- Space and storage: You’ll require plenty of space to move around, so choose a large area with room to walk back and forth between different zones. Of course, storage is of the utmost importance so ensure you have a large chest freezer and a walk-in fridge (if you have room in your kitchen). Keep fresh and dried produce stored separately, and ensure you’re storing fresh meat, eggs, and dairy items correctly and at the appropriate temperature.
- Prep zone: Use stainless steel tables to create a prep zone where you can chop, mix, and prepare your foods separately from the cooking and baking area. Your prep zone should be located near a sink so you can wash and sanitize your hands between handling different foods. A three-compartment sink is great for rinsing foods, washing hands, and doing dishes, so each task has its own separate place.
- Make some changes: You may need to remodel your kitchen to make room for your home catering business. Consider hiring a skilled, experienced handyman near you to help you complete the work. Install shelving or upgrade your electrical capacity to handle heavy-duty industrial appliances without overloading the system.
With a kitchen appliance home warranty, you can have peace of mind knowing that if any of your covered appliances break down due to normal wear and tear, the cost of repairs or replacements will be covered. This can help you avoid the potentially high cost of repairing or replacing a major kitchen appliance out of pocket.
In most cases, you’ll need to be able to safely transport your delicious food to the customer. Here are some tips to ensure that you follow the proper methods of transportation to keep the food fresh, delicious, and safe to eat:
- Food preservation and temperature: Use insulated carriers to keep the temperature of your food at the correct level and to keep everything fresh and tasty. Utilize food pan carriers that fit differently sized food pans and can retain the temperature of dishes for up to seven hours. These tools allow you to transport meals to various events and locations without having to worry about your hard work spoiling before it arrives.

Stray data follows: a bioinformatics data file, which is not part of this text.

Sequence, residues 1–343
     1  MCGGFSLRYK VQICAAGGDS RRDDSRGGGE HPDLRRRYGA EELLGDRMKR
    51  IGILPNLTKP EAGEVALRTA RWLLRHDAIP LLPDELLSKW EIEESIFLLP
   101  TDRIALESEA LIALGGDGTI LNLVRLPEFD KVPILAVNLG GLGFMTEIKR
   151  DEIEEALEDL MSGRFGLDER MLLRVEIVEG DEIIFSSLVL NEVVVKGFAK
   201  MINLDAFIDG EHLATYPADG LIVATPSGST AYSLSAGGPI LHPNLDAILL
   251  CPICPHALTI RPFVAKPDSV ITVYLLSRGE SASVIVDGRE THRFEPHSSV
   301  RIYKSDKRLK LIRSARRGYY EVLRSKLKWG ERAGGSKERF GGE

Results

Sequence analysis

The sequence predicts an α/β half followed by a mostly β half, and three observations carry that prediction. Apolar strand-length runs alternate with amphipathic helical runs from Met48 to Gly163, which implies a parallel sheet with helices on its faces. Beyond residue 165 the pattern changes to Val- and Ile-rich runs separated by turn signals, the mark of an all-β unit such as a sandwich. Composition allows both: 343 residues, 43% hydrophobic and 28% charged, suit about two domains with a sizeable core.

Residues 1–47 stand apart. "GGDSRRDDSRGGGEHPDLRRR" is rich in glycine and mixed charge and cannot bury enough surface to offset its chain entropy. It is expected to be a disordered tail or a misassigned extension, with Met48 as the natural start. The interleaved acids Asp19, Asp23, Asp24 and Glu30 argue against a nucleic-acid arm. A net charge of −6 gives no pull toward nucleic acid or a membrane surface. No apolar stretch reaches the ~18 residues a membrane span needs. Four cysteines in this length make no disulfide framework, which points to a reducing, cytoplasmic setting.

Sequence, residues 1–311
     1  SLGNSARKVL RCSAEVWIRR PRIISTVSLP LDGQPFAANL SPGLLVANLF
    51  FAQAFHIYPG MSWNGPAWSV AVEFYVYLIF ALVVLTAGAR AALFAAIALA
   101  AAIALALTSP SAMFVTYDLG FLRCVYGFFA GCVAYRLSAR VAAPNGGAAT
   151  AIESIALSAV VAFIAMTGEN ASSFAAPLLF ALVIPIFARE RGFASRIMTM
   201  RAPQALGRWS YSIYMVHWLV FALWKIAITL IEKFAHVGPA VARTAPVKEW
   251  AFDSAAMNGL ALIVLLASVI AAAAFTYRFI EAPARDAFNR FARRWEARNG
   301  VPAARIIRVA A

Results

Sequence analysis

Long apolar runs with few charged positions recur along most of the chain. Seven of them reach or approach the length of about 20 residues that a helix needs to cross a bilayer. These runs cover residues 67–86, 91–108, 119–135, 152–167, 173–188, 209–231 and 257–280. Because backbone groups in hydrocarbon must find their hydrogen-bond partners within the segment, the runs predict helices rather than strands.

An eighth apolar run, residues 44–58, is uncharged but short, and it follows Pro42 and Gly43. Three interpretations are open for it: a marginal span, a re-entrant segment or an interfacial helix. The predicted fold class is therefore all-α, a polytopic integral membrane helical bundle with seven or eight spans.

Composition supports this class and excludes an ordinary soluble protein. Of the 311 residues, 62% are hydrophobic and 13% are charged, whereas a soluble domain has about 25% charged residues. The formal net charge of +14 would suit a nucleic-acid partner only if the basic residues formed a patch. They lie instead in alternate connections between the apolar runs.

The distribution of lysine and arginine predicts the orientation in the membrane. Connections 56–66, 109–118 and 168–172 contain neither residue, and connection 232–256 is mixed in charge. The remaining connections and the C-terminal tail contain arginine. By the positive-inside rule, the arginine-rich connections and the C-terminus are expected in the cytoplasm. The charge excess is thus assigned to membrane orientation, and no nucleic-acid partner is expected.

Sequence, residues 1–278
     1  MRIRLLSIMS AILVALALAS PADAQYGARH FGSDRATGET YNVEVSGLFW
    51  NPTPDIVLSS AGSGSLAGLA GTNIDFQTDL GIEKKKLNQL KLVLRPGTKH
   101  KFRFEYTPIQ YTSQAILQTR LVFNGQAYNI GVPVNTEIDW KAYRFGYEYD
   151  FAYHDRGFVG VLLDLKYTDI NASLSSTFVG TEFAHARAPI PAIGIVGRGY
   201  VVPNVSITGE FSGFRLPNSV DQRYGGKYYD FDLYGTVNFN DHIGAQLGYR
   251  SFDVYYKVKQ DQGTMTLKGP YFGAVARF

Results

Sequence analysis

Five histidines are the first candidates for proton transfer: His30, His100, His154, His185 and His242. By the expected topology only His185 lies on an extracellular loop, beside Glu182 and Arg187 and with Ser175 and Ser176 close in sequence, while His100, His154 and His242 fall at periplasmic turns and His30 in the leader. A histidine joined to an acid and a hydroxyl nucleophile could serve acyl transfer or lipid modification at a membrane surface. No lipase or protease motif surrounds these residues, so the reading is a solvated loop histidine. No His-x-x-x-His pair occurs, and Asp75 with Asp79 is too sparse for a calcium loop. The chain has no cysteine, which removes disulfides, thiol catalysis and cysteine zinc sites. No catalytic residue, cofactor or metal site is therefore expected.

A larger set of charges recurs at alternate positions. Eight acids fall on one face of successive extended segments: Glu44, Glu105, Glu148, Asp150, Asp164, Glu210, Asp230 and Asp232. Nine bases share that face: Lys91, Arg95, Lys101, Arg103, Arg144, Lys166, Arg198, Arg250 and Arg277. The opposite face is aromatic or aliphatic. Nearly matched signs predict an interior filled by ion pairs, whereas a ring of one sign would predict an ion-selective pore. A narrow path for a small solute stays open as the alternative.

- Drinks preservation and temperature: The same rule applies to beverages, so make sure you use an insulated container for both hot and cold drinks. Certain beverages, like hot tea, can lose their freshness, while iced drinks can end up being watered down by the time they arrive. Use insulated dispensers with a faucet and provide ice separately to keep drinks fresh for up to seven hours.
- Proper packaging: Never package hot and cold foods together as it poses a safety risk. Cold food can also cause the temperature of your hot dishes to lower, which may result in spoilage. Store all your food in separate containers or pans to reduce cross-contamination and spoiling, and keep everything covered using snug lids, plastic wrap, or aluminum foil. Hot food should be kept at a temperature of 140 degrees Fahrenheit or higher, and cold foods should be stored at 40 degrees Fahrenheit or lower.
- Organization: Good organization is the key to helping you prevent an accidental mess while transporting your food. Use built-in shelving inside your catering vehicle and fill the shelves before you place anything on the floor. Load the heaviest items first and then place lighter items on top to keep the heavier items from crushing them. Stack boxes on top of each other and keep them in place with horizontal poles. You can also use the walls of your vehicle or other catering equipment as support. Empty your vehicle before you load it again to eliminate unnecessary clutter.
Use catering management software
There are several excellent catering management software programs, like E-Cinch, available to help you with things like scheduling, time management, and task management. Choose a software program that uses a booking management calendar so you can keep track of current bookings, schedule appointments and phone calls, and prevent accidental double bookings. The software should sync with your Google calendar or other digital calendars.